Debunking Scholarship Myths: What You Really Need to Know

We break down common misconceptions about scholarships and financial aid.

Applying to college can feel complicated and overwhelming. Here at Red Kite, our goal is to simplify the process and streamline your access to financial aid.

Both students and parents alike have many understandable questions and concerns about scholarships. Here are just a few examples of widespread financial aid myths, and why your chances at college are much higher than you may realize.

Myth #1: You can’t afford college.

Many students don’t even apply to the university of their dreams because they know they won’t be able to afford the tuition. Additional fees also add up: living in the dorms, textbooks, meal plans… The average cost of college has more than doubled in the 21st century, with in-state tuition averaging at $9,678; out-of-state tuition averages $27,091.

Scholarships and financial aid help to alleviate this financial burden in a variety of ways. By offsetting college expenses, resources like Red Kite help students graduate with less or no debt. High levels of student loan debt can have long-term financial consequences, but small loans combined with scholarships mitigate these risks and help students start their post-graduation lives on stronger financial footing. Over 83% of full-time, first-time undergraduate students receive at least some form of financial aid to help make college more affordable.

Our Red Kite Search Engine provides instant access to the Red Kite Database, which complies over $25 billion in financial aid. These include no-essay scholarships, fun scholarships (like the Taylor Swift Fan Scholarship), and much more. Through financial aid, any college becomes more affordable, even if you don’t have the best GPA.

Myth #2: Scholarships are only for straight-A students.

While academic achievement can certainly help with your chances of receiving scholarships, many programs consider various factors beyond your grades. Extracurricular activities, community service, leadership roles, and unique talents or skills are all excellent advantages.

Scholarships are also intended to diversify the educational sphere and grant access to marginalized groups. There are plenty of targeted scholarships for underprivileged individuals, such as the Single Parent Household Scholarship, which targets exceptional students raised in a single-parent household, or students who are single parents themselves and pursuing a degree in education.

Kite Writer Jane Cooper had a 2.7 GPA at the beginning of her junior year of high school. By the end of her senior year, she had been offered a cumulative $406,000 in scholarships. A high GPA is far from the only route to scholarships and financial aid.

Myth #3: Scholarships are only for incoming freshmen.

While there are indeed many scholarships aimed at incoming freshmen, there are also scholarships available for current college students, graduate students, and even adult learners returning to school. It’s never too late to search for and apply to scholarships.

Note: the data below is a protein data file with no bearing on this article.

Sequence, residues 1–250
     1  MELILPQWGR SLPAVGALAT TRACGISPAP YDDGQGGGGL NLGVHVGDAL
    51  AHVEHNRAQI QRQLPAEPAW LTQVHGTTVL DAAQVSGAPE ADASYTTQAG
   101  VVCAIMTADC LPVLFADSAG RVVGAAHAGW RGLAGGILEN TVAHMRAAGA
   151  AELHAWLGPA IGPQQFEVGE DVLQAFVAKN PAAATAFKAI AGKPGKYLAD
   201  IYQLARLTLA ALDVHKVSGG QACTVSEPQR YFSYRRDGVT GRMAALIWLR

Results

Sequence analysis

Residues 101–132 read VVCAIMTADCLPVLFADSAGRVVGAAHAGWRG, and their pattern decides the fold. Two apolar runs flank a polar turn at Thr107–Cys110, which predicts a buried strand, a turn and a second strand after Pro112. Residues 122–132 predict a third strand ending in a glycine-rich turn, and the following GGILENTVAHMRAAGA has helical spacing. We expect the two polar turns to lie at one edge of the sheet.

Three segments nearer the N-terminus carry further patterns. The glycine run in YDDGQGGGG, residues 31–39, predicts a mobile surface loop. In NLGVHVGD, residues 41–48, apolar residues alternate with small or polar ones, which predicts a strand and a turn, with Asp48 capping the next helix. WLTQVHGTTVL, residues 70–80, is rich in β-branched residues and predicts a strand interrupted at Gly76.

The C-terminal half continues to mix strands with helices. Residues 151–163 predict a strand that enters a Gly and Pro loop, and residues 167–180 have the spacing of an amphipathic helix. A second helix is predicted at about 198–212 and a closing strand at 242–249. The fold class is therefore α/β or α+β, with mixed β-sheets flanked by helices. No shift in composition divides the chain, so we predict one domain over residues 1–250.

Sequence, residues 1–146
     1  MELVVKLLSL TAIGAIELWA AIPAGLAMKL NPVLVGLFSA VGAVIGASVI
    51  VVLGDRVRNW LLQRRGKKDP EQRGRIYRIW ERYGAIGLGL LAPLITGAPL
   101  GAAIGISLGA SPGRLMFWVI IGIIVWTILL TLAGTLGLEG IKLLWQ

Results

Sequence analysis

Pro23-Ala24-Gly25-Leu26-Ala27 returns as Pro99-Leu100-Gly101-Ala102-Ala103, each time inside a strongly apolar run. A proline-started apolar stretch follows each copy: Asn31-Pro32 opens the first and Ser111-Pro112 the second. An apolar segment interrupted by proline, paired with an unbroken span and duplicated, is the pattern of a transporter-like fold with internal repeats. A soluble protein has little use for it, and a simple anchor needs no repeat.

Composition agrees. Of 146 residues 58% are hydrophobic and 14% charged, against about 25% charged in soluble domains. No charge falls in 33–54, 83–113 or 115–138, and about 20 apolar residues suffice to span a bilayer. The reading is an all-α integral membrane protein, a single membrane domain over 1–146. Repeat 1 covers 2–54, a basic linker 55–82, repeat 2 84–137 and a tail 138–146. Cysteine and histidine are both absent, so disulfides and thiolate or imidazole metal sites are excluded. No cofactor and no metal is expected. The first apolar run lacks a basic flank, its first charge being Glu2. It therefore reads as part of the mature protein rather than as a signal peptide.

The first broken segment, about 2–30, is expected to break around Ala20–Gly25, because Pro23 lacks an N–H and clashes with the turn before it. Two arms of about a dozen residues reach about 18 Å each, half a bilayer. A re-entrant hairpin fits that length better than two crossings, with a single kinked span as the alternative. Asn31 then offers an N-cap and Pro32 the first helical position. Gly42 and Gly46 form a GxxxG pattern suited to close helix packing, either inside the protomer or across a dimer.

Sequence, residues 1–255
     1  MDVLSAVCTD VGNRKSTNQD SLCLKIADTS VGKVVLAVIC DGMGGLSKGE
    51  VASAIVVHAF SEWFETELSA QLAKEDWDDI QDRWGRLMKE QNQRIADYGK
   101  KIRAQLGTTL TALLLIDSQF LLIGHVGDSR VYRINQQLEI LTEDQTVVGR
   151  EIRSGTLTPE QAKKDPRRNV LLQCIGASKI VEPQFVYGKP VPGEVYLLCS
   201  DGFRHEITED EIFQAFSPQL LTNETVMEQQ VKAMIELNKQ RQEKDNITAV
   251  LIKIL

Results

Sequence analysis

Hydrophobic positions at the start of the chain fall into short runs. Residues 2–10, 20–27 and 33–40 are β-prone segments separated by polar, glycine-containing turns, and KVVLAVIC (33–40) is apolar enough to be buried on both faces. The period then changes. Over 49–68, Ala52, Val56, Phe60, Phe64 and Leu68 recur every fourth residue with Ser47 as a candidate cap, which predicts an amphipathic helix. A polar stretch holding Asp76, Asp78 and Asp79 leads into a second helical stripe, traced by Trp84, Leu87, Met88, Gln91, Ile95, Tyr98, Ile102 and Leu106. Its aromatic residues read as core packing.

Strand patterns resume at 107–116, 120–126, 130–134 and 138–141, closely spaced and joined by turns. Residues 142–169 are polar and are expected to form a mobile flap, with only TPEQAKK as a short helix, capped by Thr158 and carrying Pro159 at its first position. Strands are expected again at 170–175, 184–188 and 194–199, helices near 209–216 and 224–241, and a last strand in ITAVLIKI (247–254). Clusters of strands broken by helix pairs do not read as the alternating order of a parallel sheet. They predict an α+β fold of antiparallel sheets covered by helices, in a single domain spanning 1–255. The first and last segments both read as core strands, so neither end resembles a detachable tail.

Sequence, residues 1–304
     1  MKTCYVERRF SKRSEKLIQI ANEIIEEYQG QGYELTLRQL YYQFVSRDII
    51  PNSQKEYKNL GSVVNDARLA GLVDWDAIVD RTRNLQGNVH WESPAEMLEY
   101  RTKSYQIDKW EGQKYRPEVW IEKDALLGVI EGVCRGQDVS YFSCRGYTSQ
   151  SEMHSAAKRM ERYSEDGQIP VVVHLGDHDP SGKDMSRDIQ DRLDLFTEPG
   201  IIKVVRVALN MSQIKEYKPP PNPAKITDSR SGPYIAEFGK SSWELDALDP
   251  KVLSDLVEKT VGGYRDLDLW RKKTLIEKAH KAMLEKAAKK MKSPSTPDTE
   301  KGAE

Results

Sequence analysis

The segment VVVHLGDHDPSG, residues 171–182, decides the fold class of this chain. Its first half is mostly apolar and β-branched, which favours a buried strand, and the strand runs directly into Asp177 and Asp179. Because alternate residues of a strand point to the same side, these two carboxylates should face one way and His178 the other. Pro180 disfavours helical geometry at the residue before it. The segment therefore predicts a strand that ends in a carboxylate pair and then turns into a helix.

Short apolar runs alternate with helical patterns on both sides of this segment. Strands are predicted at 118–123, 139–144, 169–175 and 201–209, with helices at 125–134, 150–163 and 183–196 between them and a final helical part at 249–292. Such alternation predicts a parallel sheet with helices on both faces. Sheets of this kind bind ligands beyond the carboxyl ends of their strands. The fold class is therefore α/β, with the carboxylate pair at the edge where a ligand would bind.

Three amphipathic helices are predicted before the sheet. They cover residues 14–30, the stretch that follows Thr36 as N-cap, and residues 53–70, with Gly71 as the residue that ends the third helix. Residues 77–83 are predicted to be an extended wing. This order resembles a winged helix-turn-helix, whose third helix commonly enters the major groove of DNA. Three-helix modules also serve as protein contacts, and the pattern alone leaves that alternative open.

Myth #4: You have to be a U.S. citizen to receive financial aid.

While some federal financial aid programs require U.S. citizenship or eligible noncitizen status, many scholarships and state-funded financial aid programs are available to eligible noncitizen students, including DACA recipients and certain categories of undocumented immigrants. Additionally, some colleges offer institutional aid to international students.

Myth #5: Once you get a scholarship, you’re set for all four years of college.

Many scholarships are renewable, meaning you can receive them for multiple years, but they often come with conditions – such as maintaining a certain GPA or participating in specific activities. Additionally, some scholarships are one-time awards, so it’s essential to plan for funding for all four years of college.

Now that you have a more clear understanding of the financial aid process, be sure to check out to continue your college pursuit. We are here to help – and to debunk!

5 Fun College Summer Activities

By Jane Cooper

You made it through another semester at college! Now it’s time to kick back, relax, and take a break from your busy undergrad life.

Even if you’re stuck taking a summer semester, it’s important to make some time for yourself. If I didn’t treat myself to a $7 iced coffee every day of the hot season, I think I would literally collapse.

There’s a lot to prepare for the fall, and I’m sure you’re trying to get organized. Summer jobs and volunteering are also great ways to boost your resume, but if you’re wondering how to maximize your fun, ya girl is here with all my favorite ways to kick off the summer. And spoiler alert… they’re cheap!


1. Make a time capsule.

Four years from now, you’ll be looking back on this summer with a totally new perspective. When I was a freshman, I wrote a letter to senior Jane, and it was so interesting to see how much I had changed!

Write to your future self and ask questions. Tell yourself what your biggest hopes for college are, and be sure to refresh them on how your current life is going. Your best friends, your favorite hobbies, your go-to YouTuber… trust, your grad self will LOVE to look back on your time right now.

Some other things you can include in your time capsule are:

  1. Photographs (friends, family, pets).
  2. A mood board of what you think your life will look like in a few years.
  3. A current newspaper (or, ya know, the top Twitter headline).
  4. The last movie ticket you bought.
  5. The receipt from the last time you went shopping.